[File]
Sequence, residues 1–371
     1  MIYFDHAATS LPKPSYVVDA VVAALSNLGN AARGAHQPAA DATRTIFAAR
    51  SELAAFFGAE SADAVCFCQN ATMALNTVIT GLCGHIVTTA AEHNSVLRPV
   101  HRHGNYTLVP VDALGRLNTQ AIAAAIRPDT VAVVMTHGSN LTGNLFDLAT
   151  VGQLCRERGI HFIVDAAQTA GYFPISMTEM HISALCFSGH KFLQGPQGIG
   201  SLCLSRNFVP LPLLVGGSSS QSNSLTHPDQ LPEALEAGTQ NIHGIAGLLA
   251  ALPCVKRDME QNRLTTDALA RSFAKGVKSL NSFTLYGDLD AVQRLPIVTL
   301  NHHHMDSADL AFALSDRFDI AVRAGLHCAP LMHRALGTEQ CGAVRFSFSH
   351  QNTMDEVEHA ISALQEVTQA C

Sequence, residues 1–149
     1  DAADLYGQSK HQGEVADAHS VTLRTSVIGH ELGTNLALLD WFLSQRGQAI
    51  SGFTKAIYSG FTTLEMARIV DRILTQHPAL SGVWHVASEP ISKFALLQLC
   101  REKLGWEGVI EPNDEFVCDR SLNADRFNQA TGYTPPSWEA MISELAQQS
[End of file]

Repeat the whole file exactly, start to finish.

Sequence, residues 1–371
     1  MIYFDHAATS LPKPSYVVDA VVAALSNLGN AARGAHQPAA DATRTIFAAR
    51  SELAAFFGAE SADAVCFCQN ATMALNTVIT GLCGHIVTTA AEHNSVLRPV
   101  HRHGNYTLVP VDALGRLNTQ AIAAAIRPDT VAVVMTHGSN LTGNLFDLAT
   151  VGQLCRERGI HFIVDAAQTA GYFPISMTEM HISALCFSGH KFLQGPQGIG
   201  SLCLSRNFVP LPLLVGGSSS QSNSLTHPDQ LPEALEAGTQ NIHGIAGLLA
   251  ALPCVKRDME QNRLTTDALA RSFAKGVKSL NSFTLYGDLD AVQRLPIVTL
   301  NHHHMDSADL AFALSDRFDI AVRAGLHCAP LMHRALGTEQ CGAVRFSFSH
   351  QNTMDEVEHA ISALQEVTQA C

Sequence, residues 1–149
     1  DAADLYGQSK HQGEVADAHS VTLRTSVIGH ELGTNLALLD WFLSQRGQAI
    51  SGFTKAIYSG FTTLEMARIV DRILTQHPAL SGVWHVASEP ISKFALLQLC
   101  REKLGWEGVI EPNDEFVCDR SLNADRFNQA TGYTPPSWEA MISELAQQS